Shakespeare presents Oberon as an unpleasant character at the end of his dispute with Titania, but Shakespeare only gives Oberon the line after Titania has left the stage. This shows a sense of dramatic irony, as here Shakespeare is implying that Oberon dare not say: “Thou shalt not from this grove till I torment thee for this injury” until she is out of earshot. Oberon dare not say it to her face, which shows the audience a cowardly side of Oberon. The effect of this line on the audience is shock; the audience would clearly be surprised that Oberon would be prepared to torment Titania. However, Shakespeare does use alliteration in Oberon’s closing line: “till I torment thee”; and Shakespeare’s repitition of the ‘t’ sounds suggests Oberon’s frustration with Titania and his desire for revenge.
The effect of shock and surprise is intalled into the audience when Shakespeare re-emphasizes Oberon’s anger and jealousy in scene 2 of act 2, where he has Puck do his bidding, and punishes Titania. Oberon goes about this by instructing Puck to apply the juice to Titania’s eyes. He wants her to: “Wake when some vile thing is near!”. Here, Shakespeare implies that Oberon is exacting his revenge on Titania by trying to get her to fall in love with anything ‘vile’, and indeed, she falls in love with Bottom later on in the play, and this love is made to appear even more repulsive with the addition of Bottom’s asshead.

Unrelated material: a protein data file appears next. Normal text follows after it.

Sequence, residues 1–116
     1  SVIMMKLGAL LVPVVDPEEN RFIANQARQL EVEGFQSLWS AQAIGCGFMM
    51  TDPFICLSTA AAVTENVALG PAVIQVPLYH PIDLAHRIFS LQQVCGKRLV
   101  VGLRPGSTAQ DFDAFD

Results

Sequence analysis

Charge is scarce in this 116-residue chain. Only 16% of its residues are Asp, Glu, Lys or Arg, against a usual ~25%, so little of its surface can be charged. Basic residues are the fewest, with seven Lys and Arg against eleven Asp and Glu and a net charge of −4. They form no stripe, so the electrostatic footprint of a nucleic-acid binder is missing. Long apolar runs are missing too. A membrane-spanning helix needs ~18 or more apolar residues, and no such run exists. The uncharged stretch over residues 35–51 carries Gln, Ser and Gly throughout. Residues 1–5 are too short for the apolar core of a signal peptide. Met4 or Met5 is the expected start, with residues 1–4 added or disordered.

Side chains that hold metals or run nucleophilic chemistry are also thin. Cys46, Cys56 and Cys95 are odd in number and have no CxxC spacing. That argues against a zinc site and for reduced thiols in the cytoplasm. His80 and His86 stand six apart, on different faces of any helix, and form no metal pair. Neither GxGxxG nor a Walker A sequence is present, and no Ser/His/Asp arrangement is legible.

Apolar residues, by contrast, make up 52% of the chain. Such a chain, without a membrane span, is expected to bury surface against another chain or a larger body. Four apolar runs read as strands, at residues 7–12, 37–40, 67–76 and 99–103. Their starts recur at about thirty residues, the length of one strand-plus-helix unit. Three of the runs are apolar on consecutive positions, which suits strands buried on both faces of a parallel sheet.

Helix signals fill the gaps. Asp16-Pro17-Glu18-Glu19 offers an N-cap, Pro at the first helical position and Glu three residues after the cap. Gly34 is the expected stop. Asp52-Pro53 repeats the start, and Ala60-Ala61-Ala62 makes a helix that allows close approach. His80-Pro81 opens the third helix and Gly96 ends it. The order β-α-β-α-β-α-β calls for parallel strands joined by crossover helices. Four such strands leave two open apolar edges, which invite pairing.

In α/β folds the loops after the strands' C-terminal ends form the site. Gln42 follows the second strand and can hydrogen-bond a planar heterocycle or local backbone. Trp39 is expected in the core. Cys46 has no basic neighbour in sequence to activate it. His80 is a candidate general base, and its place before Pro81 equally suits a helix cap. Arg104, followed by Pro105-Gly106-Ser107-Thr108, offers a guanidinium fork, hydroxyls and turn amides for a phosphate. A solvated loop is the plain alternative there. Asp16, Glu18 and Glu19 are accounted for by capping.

On the other hand, Shakespeare presents Oberon in a benevolent manner, just prior to his hatred against Titania. Here, Shakespeare may be implying that despite the first impression that the audience recieves of Oberon, he isn’t presented wholly as full of evil and malice. Shakespeare presents Oberon in a benevolent manner in act 2, scene 1, where Oberon takes pity on lovestruck Helena, and tells Puck to squeeze the juice on Demetrius’ eyes, so that he will wake and fall in love with Helena: “A sweet Athenian lady is in love with a disdainful youth; anoint his eyes, but do it when the next thing that he espies may be the lady”. Shakespeare makes good use of the rhyming couplet, an appropriate technique, as Oberon’s intention here is to form a happy couple. Shakespeare’s use of the rhyming couplet gives the impression that the situation will eventually be resolved. The lovers are paired at the end of the play, and the bouncy rhyming couplet is a good indicator of that ‘happy ending’. The effect on the audience of Oberon’s sudden benevolence is that their view of Oberon is changed, from an ogre-like figure to a sympathetic king. But, as the audience soon finds out, Oberon’s kind plan fails.